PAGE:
Despite your better judgment, you chatted back, a little bit, once – which encouraged them and now they completely miss the hint when you pull out your laptop and start to write. Pretty soon you are stuck wasting more valuable writing energy fending these people off and thinking up polite ways to say, “Please God, leave me alone.” Luckily you know what to do.
6. YOU MUST HAVE PEACE AND QUIET
You have a terrible headache, or it’s the end of a hellish workday but you’ve made the commitment to write for an hour. You even put it in your planner. But when you open the door to your usual café, you walk into a group of college alums in town for reunion weekend. They are laughing and snorting and telling way too many stories about the number of times they threw up at that party sophomore year.
Don’t use this as an excuse not to write. Leave the scene and walk to the next café.
7. YOU MUST HAVE NOISE
It’s a beautiful day outside and your coffee shop is just too damn quiet. You are certain you’re the only person in the world stuck inside writing a truly pathetic story.
Not to mention that the quiet is putting you to sleep.
You desperately need some noise, some buzz, some crowd energy to keep going, but today this place has none of it. By all means get up and walk down the street.
8. ESCAPE BAD WRITING KARMA
You’ve had five bad writing days in a row at your local coffee shop. Nothing is working, your dialogue stinks, your characters are so flat they act like they’ve been run over by a paving truck. The bad writing karma has seeped into the walls of your coffee shop and every day you return there you are reminded that you’ll never finish this dreadful book.
You lack the necessary talent. In fact, you suck at writing. Please leave this place immediately! Start fresh around the block.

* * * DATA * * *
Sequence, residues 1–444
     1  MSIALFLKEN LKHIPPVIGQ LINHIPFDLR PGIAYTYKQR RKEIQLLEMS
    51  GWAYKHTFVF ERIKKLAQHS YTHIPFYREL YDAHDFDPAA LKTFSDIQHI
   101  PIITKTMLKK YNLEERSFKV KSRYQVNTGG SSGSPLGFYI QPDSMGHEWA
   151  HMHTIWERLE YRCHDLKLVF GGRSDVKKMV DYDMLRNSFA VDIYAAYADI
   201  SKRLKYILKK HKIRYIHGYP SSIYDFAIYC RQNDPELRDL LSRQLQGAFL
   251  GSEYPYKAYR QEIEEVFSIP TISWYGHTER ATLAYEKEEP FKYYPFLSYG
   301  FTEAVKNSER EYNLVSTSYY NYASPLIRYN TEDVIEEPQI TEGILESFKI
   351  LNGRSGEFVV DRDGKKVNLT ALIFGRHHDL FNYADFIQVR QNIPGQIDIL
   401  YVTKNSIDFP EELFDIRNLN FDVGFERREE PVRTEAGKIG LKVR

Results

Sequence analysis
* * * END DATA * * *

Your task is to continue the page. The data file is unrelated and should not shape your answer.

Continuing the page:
9. AVOID THE TEMPTATION OF FRIENDS
God forbid your actual friends show up in the coffee shop where you’re working.
Even if they’re respectful and don’t want to interfere with your writing, the truth is writing is a lonely business and you haven’t seen your friends nearly enough. So you waste an hour trying to write when you’re really fighting with yourself over whether you can justify ditching today’s writing goals. Give it up. Either be social or ward off temptation by leaving the scene and walking to the friendless café.
10. A BUILT-IN BREAK AND GOOD EXERCISE
You’re working on your novel and a blog post. The post is due in two days, so you start with that and get all involved. When it’s time to move onto your novel, it’s really hard to switch gears. Just the thought of starting into your novel feels like a long, steep, uphill climb.
So you dilly dally and waste way more time than you need to on your post. Stop. Put away your blog, pack up your stuff, go for a walk and start fresh in the next café. Yes, this costs more money. Yes, you have to buy another coffee and tip generously. But sometimes it’s worth it.
If you’re convinced that you, too, need a coffee cluster, stay tuned for the next installment — favorite coffee clusters and where to find them.